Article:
Thursday, August 21, 2014
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Ernesto starts across Mexico’s Yucatan Peninsula

The Valladares family from Mexico City stand near the sea Tuesday in Tulum, Mexico, as Tropical Storm Ernesto neared landfall. AP photo

The Valladares family from Mexico City stand near the sea in Tulum, Mexico, Tuesday, Aug. 7, 2012 as Tropical Storm Ernesto brings the threat of hurricane-force winds and torrential rains to the Caribbean coast. The heart of the storm was expected to hit south of Cancun and the Riviera Maya, though strong rain and winds were likely there, and officials prepared shelters there as a precaution. (AP Photo/Israel Leal)

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From page A2 | August 08, 2012 |

CHETUMAL, Mexico (AP) — Tropical Storm Ernesto spun into Mexico’s Yucatan Peninsula Wednesday as hundreds of fishermen fled low-lying villages and thousands of tourists evacuated resorts of Tulum and the Costa Maya.

Ernesto hit the peninsula as a hurricane with sustained winds of 85 mph when it swept over the cruise ship port of Mahahual shortly before midnight Tuesday, the U.S. National Hurricane Center said.

It had weakened to a tropical storm while moving over land Wednesday, with winds near 60 mph, but it was expected to regain hurricane strength after emerging over the southern Gulf of Mexico on course for a collision with the coast near the city of Veracruz.

The storm was moving west at 15 mph.

There were no early reports of damage, but officials said it may take time to assess whether Ernesto’s rain and wind caused problems.

Chetumal, the capital of Quintana Roo state, was the closest sizable city and officials moved more than 1,300 tourists there from resorts in Mahahual, Bacalar and other spots that were expected to see heavier rain and wind.

In the city of Tulum to the north, some 6,000 tourists sheltered in hotels away from the beach.

Luana Antonicelli, a 23-year-old tourist from Melbourne, Australia, said she and her 20-year-old brother left their beachfront cabana surrounded by tropical jungle and decided to spend the night at the Hotel Tulum, a 20-room, one-story building about two miles inland.

“The people at our hotel told us to come into town because it’s too dangerous to stay there,” Antonicelli said.

She said most people at the Hotel Tulum were hunkering down inside their rooms even though it was only raining lightly Tuesday night. Hotel workers were distributing candles but the hotel still had electricity.

“It’s a bit annoying because I want to be on the beach, but these things happen,” Antonicelli said, adding that she and her brother decided to stay outdoors as much as possible. “I see it as an adventure.”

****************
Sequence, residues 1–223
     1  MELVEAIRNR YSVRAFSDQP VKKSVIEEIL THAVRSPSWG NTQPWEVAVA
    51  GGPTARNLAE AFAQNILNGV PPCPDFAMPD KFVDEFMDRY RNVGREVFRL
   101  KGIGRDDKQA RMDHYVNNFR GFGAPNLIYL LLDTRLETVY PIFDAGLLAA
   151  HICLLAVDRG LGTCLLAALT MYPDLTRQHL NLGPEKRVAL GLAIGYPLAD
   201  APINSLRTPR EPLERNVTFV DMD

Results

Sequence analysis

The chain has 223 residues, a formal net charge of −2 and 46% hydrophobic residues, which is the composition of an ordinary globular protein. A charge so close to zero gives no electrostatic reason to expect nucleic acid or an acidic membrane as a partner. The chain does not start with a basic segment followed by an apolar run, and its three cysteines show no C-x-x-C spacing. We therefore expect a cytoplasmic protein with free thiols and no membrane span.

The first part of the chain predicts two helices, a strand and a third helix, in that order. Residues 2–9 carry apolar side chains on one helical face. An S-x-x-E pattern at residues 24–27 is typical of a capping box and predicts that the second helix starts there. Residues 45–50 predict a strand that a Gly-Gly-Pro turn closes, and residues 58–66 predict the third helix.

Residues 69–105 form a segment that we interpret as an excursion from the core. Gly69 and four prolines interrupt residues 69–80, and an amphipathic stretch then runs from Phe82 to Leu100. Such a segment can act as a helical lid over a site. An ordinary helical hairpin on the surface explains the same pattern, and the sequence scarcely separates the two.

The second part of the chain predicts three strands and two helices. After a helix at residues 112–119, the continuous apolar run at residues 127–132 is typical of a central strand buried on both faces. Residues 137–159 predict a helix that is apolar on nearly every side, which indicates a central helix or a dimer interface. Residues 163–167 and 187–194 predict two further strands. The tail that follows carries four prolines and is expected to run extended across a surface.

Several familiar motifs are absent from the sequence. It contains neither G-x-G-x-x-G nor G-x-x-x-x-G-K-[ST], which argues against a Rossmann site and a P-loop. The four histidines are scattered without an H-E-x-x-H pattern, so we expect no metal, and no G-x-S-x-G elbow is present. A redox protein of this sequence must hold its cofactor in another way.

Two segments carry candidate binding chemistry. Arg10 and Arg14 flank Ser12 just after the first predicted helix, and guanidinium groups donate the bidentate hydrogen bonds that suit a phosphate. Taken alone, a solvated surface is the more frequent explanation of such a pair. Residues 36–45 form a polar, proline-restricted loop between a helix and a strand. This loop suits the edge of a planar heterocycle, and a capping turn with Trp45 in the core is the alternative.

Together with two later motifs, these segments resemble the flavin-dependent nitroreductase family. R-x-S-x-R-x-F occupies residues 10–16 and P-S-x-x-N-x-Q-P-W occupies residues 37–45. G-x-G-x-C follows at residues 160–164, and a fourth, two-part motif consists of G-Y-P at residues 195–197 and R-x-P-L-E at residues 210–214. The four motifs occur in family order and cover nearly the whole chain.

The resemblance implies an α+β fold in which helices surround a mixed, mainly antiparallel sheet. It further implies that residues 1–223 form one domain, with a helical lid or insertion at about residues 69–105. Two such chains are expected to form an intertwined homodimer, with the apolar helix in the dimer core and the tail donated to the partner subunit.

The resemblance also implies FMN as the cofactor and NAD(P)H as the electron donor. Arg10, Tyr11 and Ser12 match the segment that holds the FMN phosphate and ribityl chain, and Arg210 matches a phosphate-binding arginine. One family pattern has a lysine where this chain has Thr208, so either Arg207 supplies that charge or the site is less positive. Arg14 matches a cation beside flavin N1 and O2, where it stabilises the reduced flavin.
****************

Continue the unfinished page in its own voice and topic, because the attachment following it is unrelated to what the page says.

Authorities also prepared two kindergartens in Tulum as shelters, and tourist guide Cruz Garcia came to one from Punta Allen, a low-lying coastal settlement.

“To be over there is a risk because the tide rises and there could be a disaster,” Garcia said, adding that he twice went through strong hurricanes while living in the neighboring state of Campeche.

Soldiers and police evacuated all residents of Punta Allen and other low-lying coastal settlements, said Luis Gamboa of Quintana Roo’s Civil Protection office.

Two cruises ships scheduled to dock on the Riviera Maya put off their arrival.

The storm struck south of the big resort areas of Cancun and the Maya Riviera, but officials prepared shelters there as a precaution.

Forecasters said Ernesto was expected to cross Yucatan by Wednesday evening and enter the southern Gulf of Mexico in an area dotted with offshore oil platforms owned by the state oil company Petroleos Mexicanos.

On its way to Yucatan, the storm swirled over open sea parallel to Honduras’ northern coast, but officials there said the storm hadn’t caused damage or injuries.

Meanwhile, Tropical Storm Gilma neared hurricane strength in the Pacific Ocean about 645 miles southwest of the southern tip of Mexico’s Baja California, with winds near 70 mph. The storm was not expected to threaten land.

————

By Ricardo Lopez. Associated Press writers Antonio Villegas in Tabasco, Mexico; Alberto Arce in Tegucigalpa, Honduras; and Luis Galeano in Managua, Nicaragua, contributed to this report.

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